Sepsis is characterized by a dysfunctional immune response to infection—norepinephrine can contribute to this immune dysregulation.
Administration of vasopressor agents like norepinephrine can be useful in treating hypotensive septic shock patients. But with any treatment, there are risks associated which must be weighed into individual clinical cases. Sepsis is characterized by a dysfunctional immune response to infection—norepinephrine can contribute to this immune dysregulation.
In order to explore the immune response impact of norepinephrine, a team from the Radboud Centre for Infectious Diseases in Nijmegen, the Netherlands, looked at immunomodulation associated with the agent alongside that caused by the alternate vasopressor vasopressin.
Results were published in the American Journal of Respiratory and Critical Care Medicine.
Leukocytes from donors were stimulated in the presence or absence of vasopressin and norepinephrine. Experiments were conducted in both human and animal models.
There were 30 healthy volunteers and 190 C57BL/6J Mice examined in the study. The mice were administered a continuous infusion of norepinephrine or vasopressin via micro-osmotic pumps and were challenged with lipopolysaccharide or underwent cecal ligation and puncture.
The 30 healthy volunteers were randomized to a 5-hour infusion of norepinephrine, vasopressin or saline, and intravenously challenged with lipopolysaccharide.
Among a cohort of septic shock patients, the relation between norepinephrine infusion rate and the use of β-blockers, and plasma cytokines was also assessed.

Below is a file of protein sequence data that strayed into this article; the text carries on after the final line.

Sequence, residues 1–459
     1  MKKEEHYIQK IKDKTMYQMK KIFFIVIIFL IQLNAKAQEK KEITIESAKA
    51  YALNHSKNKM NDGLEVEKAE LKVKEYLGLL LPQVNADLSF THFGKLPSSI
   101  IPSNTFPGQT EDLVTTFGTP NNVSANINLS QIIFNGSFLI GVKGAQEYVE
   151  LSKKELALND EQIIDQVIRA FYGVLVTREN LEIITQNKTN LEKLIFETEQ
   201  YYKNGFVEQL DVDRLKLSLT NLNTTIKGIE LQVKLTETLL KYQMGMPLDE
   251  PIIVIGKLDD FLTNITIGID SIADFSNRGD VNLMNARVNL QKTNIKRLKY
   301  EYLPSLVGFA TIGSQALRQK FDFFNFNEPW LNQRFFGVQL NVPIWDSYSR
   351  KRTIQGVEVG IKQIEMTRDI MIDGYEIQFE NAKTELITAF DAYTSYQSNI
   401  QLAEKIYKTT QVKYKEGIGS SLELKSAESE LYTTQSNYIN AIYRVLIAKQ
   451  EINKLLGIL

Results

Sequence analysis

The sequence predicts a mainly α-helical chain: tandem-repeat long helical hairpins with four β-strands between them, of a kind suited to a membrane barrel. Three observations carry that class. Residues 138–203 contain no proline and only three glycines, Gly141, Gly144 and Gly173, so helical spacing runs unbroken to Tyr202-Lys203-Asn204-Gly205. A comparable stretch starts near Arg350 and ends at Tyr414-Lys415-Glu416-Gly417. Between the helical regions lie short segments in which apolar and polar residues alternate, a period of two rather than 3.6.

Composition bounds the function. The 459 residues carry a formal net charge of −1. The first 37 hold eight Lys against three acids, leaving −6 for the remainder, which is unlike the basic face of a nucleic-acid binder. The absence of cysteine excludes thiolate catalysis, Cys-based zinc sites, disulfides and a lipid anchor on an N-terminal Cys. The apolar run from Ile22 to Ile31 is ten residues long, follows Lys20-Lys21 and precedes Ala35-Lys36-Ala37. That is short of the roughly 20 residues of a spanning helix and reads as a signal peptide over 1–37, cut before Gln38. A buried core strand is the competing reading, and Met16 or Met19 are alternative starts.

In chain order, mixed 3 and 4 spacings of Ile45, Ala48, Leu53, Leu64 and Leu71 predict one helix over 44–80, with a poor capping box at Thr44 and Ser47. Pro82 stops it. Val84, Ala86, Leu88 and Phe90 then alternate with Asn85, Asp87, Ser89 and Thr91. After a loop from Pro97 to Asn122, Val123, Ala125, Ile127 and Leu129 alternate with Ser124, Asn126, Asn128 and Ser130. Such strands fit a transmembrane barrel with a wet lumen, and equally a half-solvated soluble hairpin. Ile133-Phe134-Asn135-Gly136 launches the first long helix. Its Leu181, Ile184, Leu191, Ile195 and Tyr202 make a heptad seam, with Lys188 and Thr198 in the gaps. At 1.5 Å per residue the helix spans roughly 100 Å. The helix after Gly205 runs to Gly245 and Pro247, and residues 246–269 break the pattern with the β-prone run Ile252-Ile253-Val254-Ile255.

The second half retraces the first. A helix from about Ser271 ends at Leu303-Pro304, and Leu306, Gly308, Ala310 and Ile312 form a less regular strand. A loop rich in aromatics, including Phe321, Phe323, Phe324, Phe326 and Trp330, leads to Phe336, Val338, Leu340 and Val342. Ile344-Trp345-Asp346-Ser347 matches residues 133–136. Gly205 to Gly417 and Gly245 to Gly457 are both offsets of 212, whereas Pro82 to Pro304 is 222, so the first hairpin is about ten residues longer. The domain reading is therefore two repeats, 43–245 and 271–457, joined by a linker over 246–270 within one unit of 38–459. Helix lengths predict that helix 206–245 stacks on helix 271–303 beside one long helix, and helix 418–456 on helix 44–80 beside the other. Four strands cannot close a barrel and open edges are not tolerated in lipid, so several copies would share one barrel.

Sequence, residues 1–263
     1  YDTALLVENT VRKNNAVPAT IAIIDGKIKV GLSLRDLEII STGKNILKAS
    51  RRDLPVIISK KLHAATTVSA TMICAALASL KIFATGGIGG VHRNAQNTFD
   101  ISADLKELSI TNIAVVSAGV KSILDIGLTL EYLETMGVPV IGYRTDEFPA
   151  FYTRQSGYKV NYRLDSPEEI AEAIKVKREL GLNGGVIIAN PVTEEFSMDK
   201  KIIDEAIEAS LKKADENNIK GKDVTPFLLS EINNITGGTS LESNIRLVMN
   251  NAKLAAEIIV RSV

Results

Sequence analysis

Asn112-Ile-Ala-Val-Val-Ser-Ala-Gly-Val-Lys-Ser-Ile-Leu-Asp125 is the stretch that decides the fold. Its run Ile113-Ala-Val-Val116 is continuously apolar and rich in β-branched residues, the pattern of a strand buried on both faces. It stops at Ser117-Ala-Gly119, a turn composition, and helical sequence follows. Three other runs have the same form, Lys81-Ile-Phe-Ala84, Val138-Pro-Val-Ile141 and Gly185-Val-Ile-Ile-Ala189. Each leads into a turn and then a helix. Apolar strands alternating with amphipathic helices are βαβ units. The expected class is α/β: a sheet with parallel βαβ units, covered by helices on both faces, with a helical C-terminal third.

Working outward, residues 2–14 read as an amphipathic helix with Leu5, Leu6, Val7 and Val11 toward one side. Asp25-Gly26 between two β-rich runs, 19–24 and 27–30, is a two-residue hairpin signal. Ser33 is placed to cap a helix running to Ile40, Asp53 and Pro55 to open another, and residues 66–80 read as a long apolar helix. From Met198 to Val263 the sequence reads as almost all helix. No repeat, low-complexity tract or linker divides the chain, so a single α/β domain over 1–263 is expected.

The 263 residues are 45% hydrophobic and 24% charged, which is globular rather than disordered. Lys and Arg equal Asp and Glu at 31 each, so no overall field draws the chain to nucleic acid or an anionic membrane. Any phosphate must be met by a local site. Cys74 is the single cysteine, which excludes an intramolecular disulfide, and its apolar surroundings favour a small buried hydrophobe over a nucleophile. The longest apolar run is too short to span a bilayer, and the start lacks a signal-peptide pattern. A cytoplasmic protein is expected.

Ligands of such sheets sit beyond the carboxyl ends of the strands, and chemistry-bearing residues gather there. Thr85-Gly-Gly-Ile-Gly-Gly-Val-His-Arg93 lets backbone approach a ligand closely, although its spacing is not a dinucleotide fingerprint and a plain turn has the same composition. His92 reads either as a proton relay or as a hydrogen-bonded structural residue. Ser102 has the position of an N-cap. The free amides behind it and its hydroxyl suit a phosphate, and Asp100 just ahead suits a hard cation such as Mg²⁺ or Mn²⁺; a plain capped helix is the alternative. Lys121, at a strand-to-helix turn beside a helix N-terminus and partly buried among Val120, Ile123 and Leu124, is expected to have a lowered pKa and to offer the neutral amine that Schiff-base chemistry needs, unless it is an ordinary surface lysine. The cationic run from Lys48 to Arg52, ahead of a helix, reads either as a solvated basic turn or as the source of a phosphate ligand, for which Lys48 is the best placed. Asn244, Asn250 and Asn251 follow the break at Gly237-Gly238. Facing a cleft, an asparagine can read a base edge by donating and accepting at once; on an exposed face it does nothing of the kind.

The study team found that norepinephrine “attenuated pro-inflammatory mediators and reactive oxygen species, while augmenting anti-inflammatory interleukin-10 production both in vitro and in lipopolysaccharide-challenged mice.”
Norepinephrine infusion during cecal litigation and puncture resulted in increased bacterial spread to spleen, liver and blood.
In volunteers challenged with lipopolysaccharide, norepinephrine increased plasma interleukin-10 concentrations and attenuated release of pro-inflammatory cytokine interferon gamma-induced protein-10.
On the other hand, vasopressin exerted no immunomodulatory effects across the various experimental setups. In patients, β-blocker use was associated with a more pro-inflammatory cytokine balance. Conversely, higher norepinephrine infusion rates were correlated with a more anti-inflammatory cytokine balance.
“Norepinephrine dysregulates the immune response in mice and humans, and compromises host defense. Therefore, it may significantly contribute to sepsis-induced immunoparalysis, whereas vasopressin does not have untoward immunologic effects,” the study authors concluded.